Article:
The eyeglasses were developed to help medical workers view changes in the blood beneath skin to identify two types of blood signals: the level of oxygenation in the blood and the variations in the concentration of the blood.
The Oxy-Iso lenses, made by 2A1 Labs in Boise, Idaho, have helped health workers locate veins, for instance, and can help doctors identify bruising not be apparent to the naked eye.
However, it was soon discovered the lenses could also amplify the hues that are muted in a type of color blindness knows as red-green color vision deficiency, NBC News reported Friday.
Eight percent of men and 0.5 percent of women have color vision deficiency.
While the Oxy-Iso lenses produces an improvement for sufferers of red-green deficiency, there's a downside: they may boost red-green hues, but they do it at the expense of blue-yellow hues.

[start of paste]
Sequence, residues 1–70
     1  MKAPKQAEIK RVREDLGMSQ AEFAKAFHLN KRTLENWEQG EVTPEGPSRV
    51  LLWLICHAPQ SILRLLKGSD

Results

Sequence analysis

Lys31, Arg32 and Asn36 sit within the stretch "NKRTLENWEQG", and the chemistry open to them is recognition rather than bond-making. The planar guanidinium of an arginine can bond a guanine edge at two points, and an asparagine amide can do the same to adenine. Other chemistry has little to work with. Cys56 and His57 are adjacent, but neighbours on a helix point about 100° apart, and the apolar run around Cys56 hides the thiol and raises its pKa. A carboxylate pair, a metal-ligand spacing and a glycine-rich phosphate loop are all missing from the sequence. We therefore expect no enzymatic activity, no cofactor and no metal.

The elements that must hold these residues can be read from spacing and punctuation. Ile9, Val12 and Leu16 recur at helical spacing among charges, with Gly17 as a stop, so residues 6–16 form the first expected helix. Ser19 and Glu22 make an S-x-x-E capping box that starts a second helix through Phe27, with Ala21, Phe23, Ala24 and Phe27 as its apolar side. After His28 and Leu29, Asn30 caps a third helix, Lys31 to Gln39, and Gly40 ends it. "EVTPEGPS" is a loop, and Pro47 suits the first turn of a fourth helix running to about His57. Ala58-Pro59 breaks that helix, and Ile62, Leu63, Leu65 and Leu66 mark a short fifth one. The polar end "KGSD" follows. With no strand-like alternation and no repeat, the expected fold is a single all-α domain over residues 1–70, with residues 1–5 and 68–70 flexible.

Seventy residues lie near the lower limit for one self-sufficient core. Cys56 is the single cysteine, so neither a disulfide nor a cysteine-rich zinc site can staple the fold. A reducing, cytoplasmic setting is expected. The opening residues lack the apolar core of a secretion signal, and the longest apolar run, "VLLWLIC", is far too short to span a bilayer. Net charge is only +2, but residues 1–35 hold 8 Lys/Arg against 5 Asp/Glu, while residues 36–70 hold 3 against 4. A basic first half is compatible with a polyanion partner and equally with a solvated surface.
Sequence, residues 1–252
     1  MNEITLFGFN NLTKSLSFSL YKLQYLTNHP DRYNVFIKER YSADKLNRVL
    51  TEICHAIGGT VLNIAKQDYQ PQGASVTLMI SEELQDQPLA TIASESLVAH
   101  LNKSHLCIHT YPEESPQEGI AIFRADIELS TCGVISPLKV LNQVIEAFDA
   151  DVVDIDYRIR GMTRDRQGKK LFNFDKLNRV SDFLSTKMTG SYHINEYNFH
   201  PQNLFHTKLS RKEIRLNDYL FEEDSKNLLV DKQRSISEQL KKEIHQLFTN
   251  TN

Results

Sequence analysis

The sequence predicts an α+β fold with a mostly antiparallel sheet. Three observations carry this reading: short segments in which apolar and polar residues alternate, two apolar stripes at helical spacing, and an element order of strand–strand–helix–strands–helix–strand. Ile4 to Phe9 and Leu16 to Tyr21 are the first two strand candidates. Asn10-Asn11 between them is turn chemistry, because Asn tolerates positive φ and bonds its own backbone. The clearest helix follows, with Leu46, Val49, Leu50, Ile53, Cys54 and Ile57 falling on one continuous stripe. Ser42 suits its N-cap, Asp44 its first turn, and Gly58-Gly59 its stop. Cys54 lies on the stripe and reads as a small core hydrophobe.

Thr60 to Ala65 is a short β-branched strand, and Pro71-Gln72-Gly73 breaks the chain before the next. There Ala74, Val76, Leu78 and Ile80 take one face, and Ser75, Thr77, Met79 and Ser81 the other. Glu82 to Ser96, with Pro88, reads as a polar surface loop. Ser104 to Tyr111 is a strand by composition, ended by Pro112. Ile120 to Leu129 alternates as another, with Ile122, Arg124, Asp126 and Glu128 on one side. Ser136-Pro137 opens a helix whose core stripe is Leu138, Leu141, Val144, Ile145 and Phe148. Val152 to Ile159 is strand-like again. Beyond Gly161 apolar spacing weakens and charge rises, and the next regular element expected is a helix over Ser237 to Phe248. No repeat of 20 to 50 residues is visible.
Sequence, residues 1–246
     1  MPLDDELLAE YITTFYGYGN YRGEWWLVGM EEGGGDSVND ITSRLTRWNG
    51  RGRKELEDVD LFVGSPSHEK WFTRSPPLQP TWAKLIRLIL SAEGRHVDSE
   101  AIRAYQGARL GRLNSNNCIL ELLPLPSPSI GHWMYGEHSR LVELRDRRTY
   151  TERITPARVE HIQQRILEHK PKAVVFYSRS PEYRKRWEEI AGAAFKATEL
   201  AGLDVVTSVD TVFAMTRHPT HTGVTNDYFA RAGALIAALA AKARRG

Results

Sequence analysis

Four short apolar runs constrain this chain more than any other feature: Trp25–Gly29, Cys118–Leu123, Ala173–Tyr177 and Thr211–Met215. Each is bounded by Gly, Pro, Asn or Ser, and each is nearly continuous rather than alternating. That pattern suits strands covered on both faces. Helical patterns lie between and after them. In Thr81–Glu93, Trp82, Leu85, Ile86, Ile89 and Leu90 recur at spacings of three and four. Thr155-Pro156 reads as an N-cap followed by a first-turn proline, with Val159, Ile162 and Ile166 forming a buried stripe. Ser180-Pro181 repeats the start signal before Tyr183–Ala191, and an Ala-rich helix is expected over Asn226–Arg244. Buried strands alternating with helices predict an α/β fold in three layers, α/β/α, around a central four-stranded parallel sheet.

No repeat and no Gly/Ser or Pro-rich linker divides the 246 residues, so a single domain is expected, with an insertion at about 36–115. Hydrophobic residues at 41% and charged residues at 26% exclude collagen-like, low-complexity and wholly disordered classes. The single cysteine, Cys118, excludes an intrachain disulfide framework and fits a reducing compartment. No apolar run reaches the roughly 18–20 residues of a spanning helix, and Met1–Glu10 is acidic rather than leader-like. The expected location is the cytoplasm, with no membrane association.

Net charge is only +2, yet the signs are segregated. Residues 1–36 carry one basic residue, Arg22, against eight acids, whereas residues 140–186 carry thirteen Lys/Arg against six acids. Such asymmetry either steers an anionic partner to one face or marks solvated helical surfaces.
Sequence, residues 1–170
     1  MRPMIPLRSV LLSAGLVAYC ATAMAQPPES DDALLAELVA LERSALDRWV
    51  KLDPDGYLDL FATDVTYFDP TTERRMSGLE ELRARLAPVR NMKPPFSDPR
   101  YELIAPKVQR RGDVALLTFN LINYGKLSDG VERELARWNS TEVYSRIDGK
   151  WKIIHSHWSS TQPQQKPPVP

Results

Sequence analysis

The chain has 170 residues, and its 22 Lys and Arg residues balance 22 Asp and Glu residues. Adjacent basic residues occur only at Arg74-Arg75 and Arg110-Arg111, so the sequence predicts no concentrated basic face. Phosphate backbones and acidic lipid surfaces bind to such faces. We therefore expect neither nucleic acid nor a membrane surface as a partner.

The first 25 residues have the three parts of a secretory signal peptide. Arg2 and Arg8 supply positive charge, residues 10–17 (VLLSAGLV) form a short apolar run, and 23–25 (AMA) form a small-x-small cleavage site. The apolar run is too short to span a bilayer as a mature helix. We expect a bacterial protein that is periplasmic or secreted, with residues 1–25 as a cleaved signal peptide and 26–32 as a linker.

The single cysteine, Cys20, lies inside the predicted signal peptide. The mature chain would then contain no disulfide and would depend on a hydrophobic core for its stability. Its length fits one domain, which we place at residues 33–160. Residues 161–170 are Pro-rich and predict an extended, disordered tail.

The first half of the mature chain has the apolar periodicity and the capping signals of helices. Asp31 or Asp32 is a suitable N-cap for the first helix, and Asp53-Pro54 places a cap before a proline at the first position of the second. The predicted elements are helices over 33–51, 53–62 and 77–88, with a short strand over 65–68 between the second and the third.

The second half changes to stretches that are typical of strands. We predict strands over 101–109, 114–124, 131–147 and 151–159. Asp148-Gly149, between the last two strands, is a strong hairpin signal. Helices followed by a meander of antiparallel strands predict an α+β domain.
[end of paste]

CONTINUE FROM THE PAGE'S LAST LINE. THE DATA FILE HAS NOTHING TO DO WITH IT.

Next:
Glasses that filter colored light have long been suggested as a cure for color blindness, but ophthalmology experts say they aren't impressed by the Oxy-Iso lenses.
"It's not new and it doesn't work," Michael Marmor, a professor of ophthalmology at Stanford University said.
The glasses may allow people with color deficiencies to pass the standard Ishihara color vision test for the disorder but they don't do anything to correct the condition itself, he said.
And for most people with the disorder it's not clear they're needed, he added.
"They can see colors. It's not a huge issue for most people."
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